Wooden cutting boards can dry and crack if they're not oiled regularly. Oil also prevents the wood from absorbing stains and bacteria. Most food-safe oils do the job, though food-grade mineral oil is a traditional cutting board finish that doesn't go rancid. Vegetable oil is food-safe and convenient but can spoil over time. Olive oil, food-grade linseed oil (not painter's linseed oil) or coconut oil are other food-safe alternatives. Whichever you choose, you'll preserve and rejuvenate your cutting board if you give it a monthly oiling.
- Skill level:
Other People Are Reading
Things you need
- Medium sandpaper
- Fine sandpaper
- Soft cloth
Wash the cutting board with soap and water. If the surface is heavily scarred or coated with food residue, use a butcher knife or metal scraper to clean it, then sand it with coarse sandpaper, finishing with fine sandpaper.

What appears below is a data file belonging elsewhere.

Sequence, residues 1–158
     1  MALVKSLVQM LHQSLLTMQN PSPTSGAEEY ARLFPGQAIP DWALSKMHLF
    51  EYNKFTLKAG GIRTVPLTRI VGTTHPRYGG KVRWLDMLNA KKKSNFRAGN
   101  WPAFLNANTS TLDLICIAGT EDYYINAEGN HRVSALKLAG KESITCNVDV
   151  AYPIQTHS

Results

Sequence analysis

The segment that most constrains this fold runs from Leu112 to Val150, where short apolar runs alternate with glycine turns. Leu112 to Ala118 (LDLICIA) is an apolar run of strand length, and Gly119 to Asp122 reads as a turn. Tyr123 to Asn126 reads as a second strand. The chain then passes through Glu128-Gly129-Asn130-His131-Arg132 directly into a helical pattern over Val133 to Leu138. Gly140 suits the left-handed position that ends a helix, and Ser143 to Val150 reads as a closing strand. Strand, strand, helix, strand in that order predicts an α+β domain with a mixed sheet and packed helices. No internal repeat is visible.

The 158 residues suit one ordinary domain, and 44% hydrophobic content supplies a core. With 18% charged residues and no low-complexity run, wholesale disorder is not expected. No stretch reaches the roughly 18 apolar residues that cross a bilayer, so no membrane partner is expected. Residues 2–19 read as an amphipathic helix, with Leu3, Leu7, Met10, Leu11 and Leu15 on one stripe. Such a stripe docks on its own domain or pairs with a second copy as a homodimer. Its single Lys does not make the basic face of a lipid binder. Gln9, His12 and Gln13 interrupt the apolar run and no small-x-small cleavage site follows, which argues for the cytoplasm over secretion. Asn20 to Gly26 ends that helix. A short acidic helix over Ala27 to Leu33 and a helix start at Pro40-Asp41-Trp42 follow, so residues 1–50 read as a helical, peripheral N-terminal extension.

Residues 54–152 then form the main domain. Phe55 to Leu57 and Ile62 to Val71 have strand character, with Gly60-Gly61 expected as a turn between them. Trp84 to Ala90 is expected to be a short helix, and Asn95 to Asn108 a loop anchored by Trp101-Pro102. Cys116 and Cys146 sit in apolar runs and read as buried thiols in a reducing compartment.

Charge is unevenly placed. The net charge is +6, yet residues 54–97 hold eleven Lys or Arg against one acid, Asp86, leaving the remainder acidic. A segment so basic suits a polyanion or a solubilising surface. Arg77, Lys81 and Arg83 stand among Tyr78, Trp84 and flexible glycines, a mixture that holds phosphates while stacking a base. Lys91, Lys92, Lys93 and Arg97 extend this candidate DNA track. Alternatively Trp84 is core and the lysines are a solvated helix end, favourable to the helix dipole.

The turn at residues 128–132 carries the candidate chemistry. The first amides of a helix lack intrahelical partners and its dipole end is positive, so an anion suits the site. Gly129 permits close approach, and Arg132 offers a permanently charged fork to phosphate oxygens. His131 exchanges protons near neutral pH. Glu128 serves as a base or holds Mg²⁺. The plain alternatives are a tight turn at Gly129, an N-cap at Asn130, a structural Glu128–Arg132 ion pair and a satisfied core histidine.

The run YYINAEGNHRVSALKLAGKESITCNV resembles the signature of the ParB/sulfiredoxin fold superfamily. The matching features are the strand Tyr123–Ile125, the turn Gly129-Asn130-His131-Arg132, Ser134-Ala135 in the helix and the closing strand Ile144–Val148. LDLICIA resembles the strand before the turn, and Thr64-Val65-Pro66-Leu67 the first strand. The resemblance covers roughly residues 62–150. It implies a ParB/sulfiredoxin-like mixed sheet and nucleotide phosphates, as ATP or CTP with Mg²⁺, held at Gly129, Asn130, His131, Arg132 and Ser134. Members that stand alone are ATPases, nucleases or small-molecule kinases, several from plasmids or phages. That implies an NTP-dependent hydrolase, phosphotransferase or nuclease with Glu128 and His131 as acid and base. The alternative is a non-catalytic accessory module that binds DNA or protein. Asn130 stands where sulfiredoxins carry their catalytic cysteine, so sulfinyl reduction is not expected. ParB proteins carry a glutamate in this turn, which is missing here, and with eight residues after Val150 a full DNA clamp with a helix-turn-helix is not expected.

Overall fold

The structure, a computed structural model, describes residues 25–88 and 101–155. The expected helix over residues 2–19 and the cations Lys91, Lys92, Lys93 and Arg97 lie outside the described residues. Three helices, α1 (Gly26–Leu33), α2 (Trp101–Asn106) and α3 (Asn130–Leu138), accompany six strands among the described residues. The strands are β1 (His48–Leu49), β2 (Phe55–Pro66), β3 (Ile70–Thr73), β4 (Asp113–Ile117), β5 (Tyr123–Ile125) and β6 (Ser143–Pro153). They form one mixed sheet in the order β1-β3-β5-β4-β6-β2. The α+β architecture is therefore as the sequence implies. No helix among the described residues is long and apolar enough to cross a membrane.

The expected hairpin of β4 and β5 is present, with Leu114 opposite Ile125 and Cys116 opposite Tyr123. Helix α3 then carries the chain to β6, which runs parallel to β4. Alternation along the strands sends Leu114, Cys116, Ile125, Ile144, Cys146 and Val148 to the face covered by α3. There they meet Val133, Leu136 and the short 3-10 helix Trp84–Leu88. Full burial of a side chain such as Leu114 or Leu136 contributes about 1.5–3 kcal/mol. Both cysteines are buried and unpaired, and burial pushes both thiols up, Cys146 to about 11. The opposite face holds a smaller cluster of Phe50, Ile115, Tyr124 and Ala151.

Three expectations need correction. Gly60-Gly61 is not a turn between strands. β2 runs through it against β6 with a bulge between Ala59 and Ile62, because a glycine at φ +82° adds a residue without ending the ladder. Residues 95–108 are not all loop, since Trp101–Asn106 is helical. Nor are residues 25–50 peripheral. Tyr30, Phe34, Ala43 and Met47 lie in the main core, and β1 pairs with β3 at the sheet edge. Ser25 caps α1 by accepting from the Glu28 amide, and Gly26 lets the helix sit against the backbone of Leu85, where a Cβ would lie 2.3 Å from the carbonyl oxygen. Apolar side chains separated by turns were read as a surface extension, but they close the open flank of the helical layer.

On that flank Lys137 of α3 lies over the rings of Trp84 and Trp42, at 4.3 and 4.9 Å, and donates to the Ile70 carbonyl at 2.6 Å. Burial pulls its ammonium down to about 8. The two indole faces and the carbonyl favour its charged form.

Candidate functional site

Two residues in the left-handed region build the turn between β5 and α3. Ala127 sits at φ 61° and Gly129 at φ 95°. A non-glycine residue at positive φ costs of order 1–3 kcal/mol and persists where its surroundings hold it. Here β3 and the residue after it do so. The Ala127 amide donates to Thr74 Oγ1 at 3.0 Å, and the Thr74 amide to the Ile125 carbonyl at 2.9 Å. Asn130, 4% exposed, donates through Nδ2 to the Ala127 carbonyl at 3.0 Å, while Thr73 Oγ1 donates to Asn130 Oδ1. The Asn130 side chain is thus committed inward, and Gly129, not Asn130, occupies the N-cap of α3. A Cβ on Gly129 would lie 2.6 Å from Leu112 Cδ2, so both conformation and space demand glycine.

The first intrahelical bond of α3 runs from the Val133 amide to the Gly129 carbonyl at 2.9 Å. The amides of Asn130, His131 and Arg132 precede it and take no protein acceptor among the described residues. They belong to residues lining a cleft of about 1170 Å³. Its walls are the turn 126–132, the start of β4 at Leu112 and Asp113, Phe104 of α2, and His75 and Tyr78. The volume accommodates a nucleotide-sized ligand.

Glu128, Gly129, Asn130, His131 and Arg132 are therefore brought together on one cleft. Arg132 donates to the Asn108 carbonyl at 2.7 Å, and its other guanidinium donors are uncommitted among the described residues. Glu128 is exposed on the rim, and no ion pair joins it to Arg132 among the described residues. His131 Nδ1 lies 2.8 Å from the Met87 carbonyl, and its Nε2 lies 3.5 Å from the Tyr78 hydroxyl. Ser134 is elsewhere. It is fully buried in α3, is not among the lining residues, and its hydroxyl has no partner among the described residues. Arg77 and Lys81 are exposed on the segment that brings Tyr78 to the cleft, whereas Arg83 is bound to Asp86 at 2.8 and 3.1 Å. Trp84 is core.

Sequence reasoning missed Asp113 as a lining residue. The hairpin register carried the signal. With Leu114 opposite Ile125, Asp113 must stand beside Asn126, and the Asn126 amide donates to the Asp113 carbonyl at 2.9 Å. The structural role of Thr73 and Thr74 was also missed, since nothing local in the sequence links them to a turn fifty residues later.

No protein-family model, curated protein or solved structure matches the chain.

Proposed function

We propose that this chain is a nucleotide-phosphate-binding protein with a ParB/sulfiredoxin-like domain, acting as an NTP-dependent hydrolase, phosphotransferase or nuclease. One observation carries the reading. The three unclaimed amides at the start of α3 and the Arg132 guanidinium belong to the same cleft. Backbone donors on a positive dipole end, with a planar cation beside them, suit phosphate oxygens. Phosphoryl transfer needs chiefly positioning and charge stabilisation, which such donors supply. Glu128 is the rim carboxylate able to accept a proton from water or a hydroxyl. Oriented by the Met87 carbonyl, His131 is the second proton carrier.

Pour a few oz of the oil you've chosen in a cup and set the cup in a bowl of hot water to warm it above room temperature.
Dip a soft cloth in the oil and rub it over the cutting board, applying the oil liberally, rubbing mostly with the grain. Let the oil soak in for four to six hours.
Wipe off any excess oil with a clean cloth.
Tips and warnings
- If your cutting board is new and has never been oiled or you've sanded it thoroughly and stripped it of all its old oil, repeat the oiling procedure once a day for five days to saturate it fully.
- 20 of the funniest online reviews ever
- 14 Biggest lies people tell in online dating sites
- Hilarious things Google thinks you're trying to search for